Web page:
My 2½-year old son had been asking off-and-on for the past few months and yesterday it finally came to the point that it could no longer be avoided: Elmo needed batteries. Actually, we don’t have an Elmo doll, no, we just have his head, complete with clasp to attach it to…something, I guess. Elmo’s head (pictured with a US quarter for size) is one of many cast-offs from the children of friends, and I never gave it much thought, but my son has become rather fond of it. Unfortunately, changing Elmo’s batteries is not an easy task because they’re sewn into his florescent orange head, also rendering him un-washable. Since it’s a cast-off, its batteries began fading about a year ago, but my son kept asking me to fix it, and it got so worn out that you could barely hear Elmo’s infectious giggle as he says “Hey, that tickles! Oh boy! That tickles!” Despite my protestations of “it’s broken, I can’t fix it,” my son just couldn’t grasp that its repair wasn’t possible. Even my husband got in on the act, “Can you fix it for him? He keeps asking.” So late last night, with seam ripper in hand I opened Elmo’s head and removed the batteries from the voice box. A bath, a ride in the clothes dryer and $10 in watch batteries later and tonight after an hour of sewing while mind-numbingly listening to Elmo’s constant banter as I continually set-off the voice box (earplugs helped just a bit), Elmo is ready for play tomorrow. The thought occurred to me that I would hate to work in a factory where these things are made: thousands of them going-off at once as the sewing machine operators assembled them. Well, the end-product is appreciated by the little ones.

On the knitting front, not much progress in the ballband dishcloth, because I’ve been spending my precious knitting time on Sharon Miller’s (Heirloom Knitting) Bird’s Eye Shawl (if the color looks a bit off in the photo, it’s because the yellow part is my shadow, it’s not the yarn). Wow, it was a rough go last week getting the shawl started. I think I had to scrap it after 15 rows, three (or was it four?) times, and by “scrap it” I mean through it away. I would get lost on which row I was on, try to rip it out to a point where I knew where I was on the chart, and then the yarn would get stuck and break. Toss it. Can you feel my pain? It still hurts just thinking about it. I mean, well, that’s just torture for a knitter. But that’s in the past now and things are coming along nicely.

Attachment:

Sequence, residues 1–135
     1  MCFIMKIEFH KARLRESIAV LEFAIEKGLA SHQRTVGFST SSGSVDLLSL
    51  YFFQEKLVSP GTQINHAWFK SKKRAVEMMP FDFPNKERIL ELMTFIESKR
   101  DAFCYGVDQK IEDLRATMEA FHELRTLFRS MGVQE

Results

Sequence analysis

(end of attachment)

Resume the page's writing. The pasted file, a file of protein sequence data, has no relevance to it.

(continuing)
I had to enlarge the chart about 140% to get it big enough for ease of following, and then I used 4 different colors of highlighters to differentiate the four rows of repetition, so that when I look away from the chart, I can at least recall what color row I was on and go from there. I also use a counter to count my row progress, but the chart only goes up to 20 rows, so I may also add a second row counter to help keep track of which of the four rows of repetition I’m on.

I can’t decide if this pattern is harder or easier than the shawl I made in 1996. I think it might be harder because, unlike many lace patterns, it doesn’t have design direction, not that that’s a bad thing, it’s just different for me. By design direction I mean that when you look at most lace patterns they often have lines and peaks and valleys and circles and such, and they all form an overall design that you can see when you stand back and look at them. These design directions help you “read” the pattern as you go and once familiar with the pattern, you can often anticipate when the next yarn-over or knit 2 together is, for instance. Bird’s Eye Shawl is simply a pattern of repeated doughnut shapes (bird’s eyes) that appear to be suspended in a web, there are no lines or centers of the shawl, like the one I made in 1996. Now, the interesting thing it that as I knit the bird’s eyes, they don’t look like they’re going to look as they should, and then, as the earlier rows get handled while knitting the newer rows, the older ones get fuzzy which then help the bird’s eye form more clearly. You might be able to tell in the picture, the difference of the newer bird’s eyes from the older ones.

I like the pattern, and am enjoying both it and the fineness of the yarn; so light and airy.